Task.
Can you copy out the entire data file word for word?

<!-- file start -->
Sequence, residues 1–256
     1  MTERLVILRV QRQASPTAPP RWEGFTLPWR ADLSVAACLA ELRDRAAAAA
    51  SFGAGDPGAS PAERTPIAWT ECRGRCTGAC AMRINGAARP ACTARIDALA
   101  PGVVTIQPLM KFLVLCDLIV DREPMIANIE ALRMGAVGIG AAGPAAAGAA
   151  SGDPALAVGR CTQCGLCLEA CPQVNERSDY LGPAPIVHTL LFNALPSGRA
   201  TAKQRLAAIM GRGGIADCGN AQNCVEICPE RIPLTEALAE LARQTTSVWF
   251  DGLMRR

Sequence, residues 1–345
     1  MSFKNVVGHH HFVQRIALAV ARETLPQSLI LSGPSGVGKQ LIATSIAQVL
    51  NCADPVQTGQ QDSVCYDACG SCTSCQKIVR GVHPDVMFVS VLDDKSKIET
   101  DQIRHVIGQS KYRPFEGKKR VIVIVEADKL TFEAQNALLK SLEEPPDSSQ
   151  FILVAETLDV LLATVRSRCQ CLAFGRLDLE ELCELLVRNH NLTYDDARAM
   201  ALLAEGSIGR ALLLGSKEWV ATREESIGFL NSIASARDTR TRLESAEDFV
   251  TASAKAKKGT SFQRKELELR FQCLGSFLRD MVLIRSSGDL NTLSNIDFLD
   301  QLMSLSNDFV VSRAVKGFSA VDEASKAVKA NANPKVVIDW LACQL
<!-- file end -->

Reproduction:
Sequence, residues 1–256
     1  MTERLVILRV QRQASPTAPP RWEGFTLPWR ADLSVAACLA ELRDRAAAAA
    51  SFGAGDPGAS PAERTPIAWT ECRGRCTGAC AMRINGAARP ACTARIDALA
   101  PGVVTIQPLM KFLVLCDLIV DREPMIANIE ALRMGAVGIG AAGPAAAGAA
   151  SGDPALAVGR CTQCGLCLEA CPQVNERSDY LGPAPIVHTL LFNALPSGRA
   201  TAKQRLAAIM GRGGIADCGN AQNCVEICPE RIPLTEALAE LARQTTSVWF
   251  DGLMRR

Sequence, residues 1–345
     1  MSFKNVVGHH HFVQRIALAV ARETLPQSLI LSGPSGVGKQ LIATSIAQVL
    51  NCADPVQTGQ QDSVCYDACG SCTSCQKIVR GVHPDVMFVS VLDDKSKIET
   101  DQIRHVIGQS KYRPFEGKKR VIVIVEADKL TFEAQNALLK SLEEPPDSSQ
   151  FILVAETLDV LLATVRSRCQ CLAFGRLDLE ELCELLVRNH NLTYDDARAM
   201  ALLAEGSIGR ALLLGSKEWV ATREESIGFL NSIASARDTR TRLESAEDFV
   251  TASAKAKKGT SFQRKELELR FQCLGSFLRD MVLIRSSGDL NTLSNIDFLD
   301  QLMSLSNDFV VSRAVKGFSA VDEASKAVKA NANPKVVIDW LACQL